An asynchronous surprise from std::async

30 Jun 2020

This incident happened sometime ago. I was working on a project in C++ and there occurred a need to run a heavyweight task to run in an asynchronous way. My initial thought was to launch an std::thread and to detach it and not to worry about it further. This could be a naive way of doing it. But I was measuring the performance of a particular module and I wanted to offload the heavyduty task from the main thread. At that point, I suddenly remembered about the std::async method. So I googled and read about the std::async method. I wanted to ensure that the task is launched in a separate thread and so I decided to specifically mention the launch policy as std::launch::async. This launch policy would ensure that the task will be launched asynchronously in a separate thread. So my code looked somewhat like given below.

void critical_fn() {
std::async(std::launch::async, foo);

According to the documentation, this will run the foo function in a separate thread. Also as per the documentation, I could get the result of the task using an std::future object which is actually the return value of the std::async API. But since I was just interested in offloading the task in a separate thread, I didn't bother to capture the return value in an std::future object. But little did I know then that this would actually fail the whole intent of using the std::async API. So I finished my implementation and started testing with small loads and it didn't pose any issues. Later while we were testing with higher loads, my friend notified me that, that the critical_fn was taking a lot of time to finish. Later on further analysis, we found that the std::async will wait on 1) the get() of the returned future object 2) the destructor of the std::future object and thus failing the whole purpose of moving the task to a separate thread.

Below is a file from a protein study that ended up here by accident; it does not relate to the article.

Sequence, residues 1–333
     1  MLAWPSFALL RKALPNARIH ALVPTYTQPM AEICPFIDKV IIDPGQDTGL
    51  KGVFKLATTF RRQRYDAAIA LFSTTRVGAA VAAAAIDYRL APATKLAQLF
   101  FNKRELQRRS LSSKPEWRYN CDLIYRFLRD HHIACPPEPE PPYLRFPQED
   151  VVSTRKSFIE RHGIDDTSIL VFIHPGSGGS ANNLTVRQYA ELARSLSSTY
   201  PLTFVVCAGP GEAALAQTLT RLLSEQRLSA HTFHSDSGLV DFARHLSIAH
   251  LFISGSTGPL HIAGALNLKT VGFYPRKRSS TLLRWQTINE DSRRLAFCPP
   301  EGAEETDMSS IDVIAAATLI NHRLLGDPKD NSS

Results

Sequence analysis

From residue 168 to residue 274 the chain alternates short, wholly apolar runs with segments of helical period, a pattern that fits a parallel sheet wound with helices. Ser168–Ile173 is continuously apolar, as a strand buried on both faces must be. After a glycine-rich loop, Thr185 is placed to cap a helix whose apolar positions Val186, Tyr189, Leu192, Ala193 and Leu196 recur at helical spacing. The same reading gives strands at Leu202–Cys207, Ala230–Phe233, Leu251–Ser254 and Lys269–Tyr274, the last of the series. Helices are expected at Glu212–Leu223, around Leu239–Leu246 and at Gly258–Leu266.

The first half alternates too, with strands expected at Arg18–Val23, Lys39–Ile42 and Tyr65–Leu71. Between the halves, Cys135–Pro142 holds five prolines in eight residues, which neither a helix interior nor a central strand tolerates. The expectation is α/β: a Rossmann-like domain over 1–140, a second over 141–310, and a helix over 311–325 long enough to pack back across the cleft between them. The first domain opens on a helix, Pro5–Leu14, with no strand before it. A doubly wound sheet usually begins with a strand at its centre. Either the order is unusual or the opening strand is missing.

This was deeply perplexing and on further reading, we found that this is a specialized case for the std::future returned by the std::async API. Scott Meyers has written a detailed article on this in his blog. So if you are using std::async for running a task asynchronously and if the result is not caught using an std::future object, the std::async will block the execution at the point where the destructor of its returned std::future object is invoked. This was an interesting behaviour, which we missed in the initial testing of the feature. So be careful, if you are just trying to offload task using std::async API.

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